Google Translate’s Pinyin function has come a long way since its inauspicious beginning about eight years ago. For quite some time it has even offered a way to add tone marks automatically, though few people know of this function, which could still use a great deal of improvement.

To get Google Translate to produce Pinyin with tone marks as you enter text in toneless Pinyin, first you need to set the system to translate from “Chinese” to “Chinese (Traditional)” or from “Chinese” to “Chinese (Simplified)”.

Enter your text in the box and Pinyin with tone marks will appear below the box on the right.

(Click any image to enlarge it.)

Alas, there are some problems with the system.

A lot of perfectly normal things that are essential to proper writing in Hanyu Pinyin will cause Google Translate to break. So when adding your text, do not use any of the following:

  • capital letters
  • the letter ü (use “v” instead)
  • more than 160 characters (including spaces and punctuation) at a time

Up to 160 characters is fine

Image showing how Google Translate will produce Hanyu Pinyin with tone marks for texts of up to 160 characters

But more than 160 characters will break the function that adds tone marks to Pinyin

The following are optional in terms of getting Google Translate to give you good results, though they are not optional in properly written Pinyin:

  • apostrophes
  • spaces
  • punctuation

A second significant problem is that the system doesn’t deal well with proper nouns, failing both word parsing and capitalization, though at least it seems to recognize that proper nouns are units, even if Google Translate doesn’t write them correctly. sample showing how Google Translate fails to capitalize and parse Tian'anmen and Mao Zedong, producing tian'anmen and maozedong instead.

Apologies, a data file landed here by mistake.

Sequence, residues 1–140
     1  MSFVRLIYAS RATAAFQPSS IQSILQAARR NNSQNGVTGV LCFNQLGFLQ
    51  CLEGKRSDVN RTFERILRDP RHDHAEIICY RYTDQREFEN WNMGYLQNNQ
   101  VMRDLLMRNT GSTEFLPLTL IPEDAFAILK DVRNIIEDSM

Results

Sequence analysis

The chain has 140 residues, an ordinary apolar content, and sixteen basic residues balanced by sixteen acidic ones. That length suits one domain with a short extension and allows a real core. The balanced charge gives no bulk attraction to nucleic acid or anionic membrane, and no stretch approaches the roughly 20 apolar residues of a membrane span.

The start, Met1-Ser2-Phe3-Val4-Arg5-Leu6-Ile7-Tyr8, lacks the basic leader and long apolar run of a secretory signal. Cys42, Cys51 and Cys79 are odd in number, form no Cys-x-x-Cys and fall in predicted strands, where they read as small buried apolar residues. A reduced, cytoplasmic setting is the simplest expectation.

So although Google Translate won’t handle everything for you, it can nevertheless be a useful tool for including tone marks in Hanyu Pinyin.

Attitudes in Hong Kong toward Mandarin and Cantonese

About a year and a half ago, when I last posted on a recurring poll of what people in Hong Kong think of Mandarin and Cantonese (as well as other “icons” relevant to Hong Kong) I predicted that “the next survey will show aversion to Mandarin surpassing affection for and pride in that language.”

As of the 2016 survey, aversion to Mandarin was at 17.7 percent of the population, whereas affection for and pride in Putonghua, as the survey labels it, were at 20.1 percent and 17.8 percent, respectively. So I was wrong.

Nevertheless, Mandarin certainly isn’t winning any popularity contests in Hong Kong these days. Although the levels of those averse to Mandarin and those proud of it are now just about equal, among Hong Kongers pride in Mandarin is lower than pride in any other surveyed item. Affection toward Mandarin was similarly lower, avoiding the bottom spot only because the Chinese army came in less than one point lower.

Attitudes in Hong Kong toward Mandarin and Cantonese, 2012-2016

Detail of the above chart, 2012-2016

Generally speaking, positive feelings for Cantonese are higher — usually much higher — than positive feelings for other Hong Kong icons, while negative feelings about Cantonese are much lower than for most other icons. On the other hand, feelings for Mandarin are more highly negative and less strongly positive than for most other icons.

sources and further reading: